The latest installment of Grantland’s “Director’s Cut” series gives Johnette Howard’s first story for The National: “The Making of a Goon,” about hockey enforcer, Joe Kocur:
“See, hockey fighting is different than boxing,” says Kocur, who once visited the training camp of Detroit’s Thomas Hearns — courtesy of Red Wings owner Mike Illitch — to pick up a few tips. “In hockey, fighting is pulling and punching. If you just stand there and hold a guy out and hit him, you won’t faze him. But if you can pull him into you and punch at the same time, that’s when you start hurting people.”
How to hit hard is just one of the lessons an enforcer must learn. There’s also an unwritten and often unspoken code of honor that governs who hits whom, and under what circumstances. Kocur also likes to do research of his own; knowing other fighters’ tendencies helps him avoid surprises. But nothing, Kocur says, supersedes the most basic fighter’s rule: Never, ever lose.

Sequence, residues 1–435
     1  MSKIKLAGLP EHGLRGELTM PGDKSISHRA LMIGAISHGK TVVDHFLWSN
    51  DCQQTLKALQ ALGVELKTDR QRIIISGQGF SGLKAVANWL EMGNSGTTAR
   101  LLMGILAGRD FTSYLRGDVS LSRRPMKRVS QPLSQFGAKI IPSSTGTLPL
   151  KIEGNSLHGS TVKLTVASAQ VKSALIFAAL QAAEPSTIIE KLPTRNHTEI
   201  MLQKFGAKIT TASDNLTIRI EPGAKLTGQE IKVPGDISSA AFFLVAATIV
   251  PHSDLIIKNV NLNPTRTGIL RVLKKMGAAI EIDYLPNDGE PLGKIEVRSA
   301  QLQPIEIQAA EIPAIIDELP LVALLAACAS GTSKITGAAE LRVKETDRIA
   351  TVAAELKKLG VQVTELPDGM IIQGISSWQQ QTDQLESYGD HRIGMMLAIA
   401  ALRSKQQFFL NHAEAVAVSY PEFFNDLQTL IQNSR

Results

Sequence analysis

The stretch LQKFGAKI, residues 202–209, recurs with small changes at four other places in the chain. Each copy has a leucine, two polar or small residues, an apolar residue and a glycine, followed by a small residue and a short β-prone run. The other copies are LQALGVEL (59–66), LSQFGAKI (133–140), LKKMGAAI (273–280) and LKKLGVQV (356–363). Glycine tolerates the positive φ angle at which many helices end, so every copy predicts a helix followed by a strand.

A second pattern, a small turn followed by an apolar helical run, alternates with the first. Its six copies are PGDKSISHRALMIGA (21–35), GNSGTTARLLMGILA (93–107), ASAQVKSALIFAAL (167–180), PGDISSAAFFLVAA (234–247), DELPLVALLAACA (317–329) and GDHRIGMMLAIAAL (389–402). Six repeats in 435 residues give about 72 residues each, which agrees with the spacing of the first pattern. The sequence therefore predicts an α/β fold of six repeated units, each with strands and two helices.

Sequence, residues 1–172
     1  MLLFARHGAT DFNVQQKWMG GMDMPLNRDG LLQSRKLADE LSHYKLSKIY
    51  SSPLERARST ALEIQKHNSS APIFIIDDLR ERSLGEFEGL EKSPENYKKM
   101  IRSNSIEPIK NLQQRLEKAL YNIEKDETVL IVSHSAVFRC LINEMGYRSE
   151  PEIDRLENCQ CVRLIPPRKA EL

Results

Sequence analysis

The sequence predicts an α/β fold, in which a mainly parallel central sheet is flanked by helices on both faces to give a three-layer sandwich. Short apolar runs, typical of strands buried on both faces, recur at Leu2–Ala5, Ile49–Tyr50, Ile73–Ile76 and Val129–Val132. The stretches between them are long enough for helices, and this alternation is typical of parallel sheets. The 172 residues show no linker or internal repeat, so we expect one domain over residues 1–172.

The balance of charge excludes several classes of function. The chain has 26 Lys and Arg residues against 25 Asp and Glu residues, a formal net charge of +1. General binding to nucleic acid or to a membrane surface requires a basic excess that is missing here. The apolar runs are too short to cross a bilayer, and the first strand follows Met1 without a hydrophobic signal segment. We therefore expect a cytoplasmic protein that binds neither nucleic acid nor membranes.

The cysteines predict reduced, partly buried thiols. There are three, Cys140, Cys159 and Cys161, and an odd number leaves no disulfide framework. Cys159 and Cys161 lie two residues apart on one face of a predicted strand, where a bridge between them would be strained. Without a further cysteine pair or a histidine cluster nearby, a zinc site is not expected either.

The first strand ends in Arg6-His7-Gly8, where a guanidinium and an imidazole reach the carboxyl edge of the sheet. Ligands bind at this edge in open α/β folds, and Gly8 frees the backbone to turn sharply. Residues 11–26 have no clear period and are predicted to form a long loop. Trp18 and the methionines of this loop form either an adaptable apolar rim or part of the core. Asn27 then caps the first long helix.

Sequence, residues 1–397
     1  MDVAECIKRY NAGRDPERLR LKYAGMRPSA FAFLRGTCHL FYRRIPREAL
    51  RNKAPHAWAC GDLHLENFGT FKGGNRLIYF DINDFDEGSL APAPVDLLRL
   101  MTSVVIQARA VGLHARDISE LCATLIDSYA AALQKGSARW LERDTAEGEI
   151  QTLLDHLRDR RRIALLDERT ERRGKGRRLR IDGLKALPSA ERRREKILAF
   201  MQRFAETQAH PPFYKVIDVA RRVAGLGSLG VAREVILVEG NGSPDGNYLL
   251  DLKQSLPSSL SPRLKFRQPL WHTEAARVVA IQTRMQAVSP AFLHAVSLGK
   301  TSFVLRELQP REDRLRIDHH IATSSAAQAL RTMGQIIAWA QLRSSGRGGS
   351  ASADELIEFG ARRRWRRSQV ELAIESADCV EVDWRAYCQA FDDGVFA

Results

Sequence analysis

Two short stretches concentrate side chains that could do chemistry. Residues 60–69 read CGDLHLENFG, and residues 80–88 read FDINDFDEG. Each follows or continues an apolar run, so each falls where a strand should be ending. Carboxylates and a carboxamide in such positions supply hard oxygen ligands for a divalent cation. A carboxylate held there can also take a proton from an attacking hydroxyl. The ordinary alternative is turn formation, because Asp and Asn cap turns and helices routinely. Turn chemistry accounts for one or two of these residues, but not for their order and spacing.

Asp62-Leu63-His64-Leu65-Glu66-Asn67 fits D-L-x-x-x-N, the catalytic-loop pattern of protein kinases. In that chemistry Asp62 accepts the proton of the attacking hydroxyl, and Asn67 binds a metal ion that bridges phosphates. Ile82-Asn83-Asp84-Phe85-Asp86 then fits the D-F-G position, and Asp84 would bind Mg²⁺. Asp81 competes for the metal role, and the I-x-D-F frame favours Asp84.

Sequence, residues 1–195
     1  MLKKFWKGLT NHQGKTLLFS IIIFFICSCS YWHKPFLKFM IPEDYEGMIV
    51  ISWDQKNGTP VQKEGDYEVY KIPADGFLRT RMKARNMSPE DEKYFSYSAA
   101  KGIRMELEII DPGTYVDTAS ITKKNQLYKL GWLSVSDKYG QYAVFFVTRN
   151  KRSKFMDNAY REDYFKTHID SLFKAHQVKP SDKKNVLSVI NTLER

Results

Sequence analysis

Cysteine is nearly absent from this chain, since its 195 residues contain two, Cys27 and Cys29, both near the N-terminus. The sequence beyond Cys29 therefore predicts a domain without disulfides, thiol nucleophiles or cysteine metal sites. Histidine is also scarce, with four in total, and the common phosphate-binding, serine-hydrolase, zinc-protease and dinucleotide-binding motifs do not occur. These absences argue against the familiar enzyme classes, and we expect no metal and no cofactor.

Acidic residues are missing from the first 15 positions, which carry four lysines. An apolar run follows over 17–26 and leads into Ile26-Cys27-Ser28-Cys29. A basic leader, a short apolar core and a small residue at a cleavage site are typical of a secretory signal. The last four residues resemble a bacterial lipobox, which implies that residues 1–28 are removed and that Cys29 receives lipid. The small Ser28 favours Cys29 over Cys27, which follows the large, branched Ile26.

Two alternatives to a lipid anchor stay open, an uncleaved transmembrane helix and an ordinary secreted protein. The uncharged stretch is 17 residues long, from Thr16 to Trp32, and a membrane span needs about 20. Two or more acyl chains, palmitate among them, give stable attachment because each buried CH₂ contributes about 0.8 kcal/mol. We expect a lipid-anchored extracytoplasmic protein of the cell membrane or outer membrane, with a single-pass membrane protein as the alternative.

“You’ve got to understand some things about the fighter’s job,” says Demers. “Tough guys in this league are under a tremendous amount of pressure. Unfortunately, many of them are untalented except for fighting, and they’ve gotten here the hard way. And once you’re recognized as a tough guy in this league, you go from having targets to becoming one.
“As long as you’re beating up somebody, the fans are cheering and shouting our name. But the first time you lose one, everyone gets down on you. You have to be fearless. I’ve seen guys lose just once, and pretty soon they just sort of fade away.”
Though coaches and other players all say that Kocur has good all-around hockey talent and that Demers encourages him to use it, Kocur considers himself a fighter first. He believes that preserving his aura of invincibility is essential because “it pays off down the line. Maybe I’ll be going into the corner to get the puck and the guy going with me will think, ‘Uh-oh, it’s Joe Kocur. This guy’s crazy. I won’t give him the elbow in the face. I’ll give him that extra step and poke at the puck instead of trying to take the body.’ And then maybe I can make a play, make a good pass. And maybe we’ll put the puck in the net.”
[Photo Credit: Stefan Alforn]